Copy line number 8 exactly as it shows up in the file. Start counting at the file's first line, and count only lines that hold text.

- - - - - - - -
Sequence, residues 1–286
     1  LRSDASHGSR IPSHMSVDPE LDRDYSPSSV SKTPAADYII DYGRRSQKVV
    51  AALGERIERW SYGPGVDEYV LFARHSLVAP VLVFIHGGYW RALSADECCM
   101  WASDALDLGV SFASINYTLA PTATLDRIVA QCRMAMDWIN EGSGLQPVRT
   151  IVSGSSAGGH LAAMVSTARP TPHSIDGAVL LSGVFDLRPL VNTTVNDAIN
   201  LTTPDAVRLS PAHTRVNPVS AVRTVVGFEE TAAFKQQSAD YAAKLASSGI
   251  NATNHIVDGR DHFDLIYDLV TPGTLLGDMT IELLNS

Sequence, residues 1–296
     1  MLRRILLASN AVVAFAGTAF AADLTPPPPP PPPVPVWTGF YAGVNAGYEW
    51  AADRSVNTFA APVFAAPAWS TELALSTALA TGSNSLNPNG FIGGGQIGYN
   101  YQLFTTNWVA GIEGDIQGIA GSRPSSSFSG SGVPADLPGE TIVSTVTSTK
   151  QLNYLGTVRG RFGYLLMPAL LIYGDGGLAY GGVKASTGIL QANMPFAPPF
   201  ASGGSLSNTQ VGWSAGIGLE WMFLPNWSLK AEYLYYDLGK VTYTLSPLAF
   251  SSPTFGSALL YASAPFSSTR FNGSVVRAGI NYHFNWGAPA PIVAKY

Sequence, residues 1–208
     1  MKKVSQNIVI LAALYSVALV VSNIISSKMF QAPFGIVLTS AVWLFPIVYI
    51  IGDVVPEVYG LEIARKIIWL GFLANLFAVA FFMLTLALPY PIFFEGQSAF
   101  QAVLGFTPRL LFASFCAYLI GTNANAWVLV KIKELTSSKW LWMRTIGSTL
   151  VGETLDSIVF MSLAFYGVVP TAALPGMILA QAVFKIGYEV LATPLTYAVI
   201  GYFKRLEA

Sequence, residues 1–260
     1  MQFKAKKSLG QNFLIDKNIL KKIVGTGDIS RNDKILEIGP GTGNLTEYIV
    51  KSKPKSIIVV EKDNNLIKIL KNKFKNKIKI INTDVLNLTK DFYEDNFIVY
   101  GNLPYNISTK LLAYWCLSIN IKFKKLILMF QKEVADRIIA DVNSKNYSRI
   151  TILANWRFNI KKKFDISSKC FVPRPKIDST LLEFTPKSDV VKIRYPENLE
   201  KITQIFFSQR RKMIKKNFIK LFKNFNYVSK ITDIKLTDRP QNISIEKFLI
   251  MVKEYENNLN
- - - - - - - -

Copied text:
Sequence, residues 1–296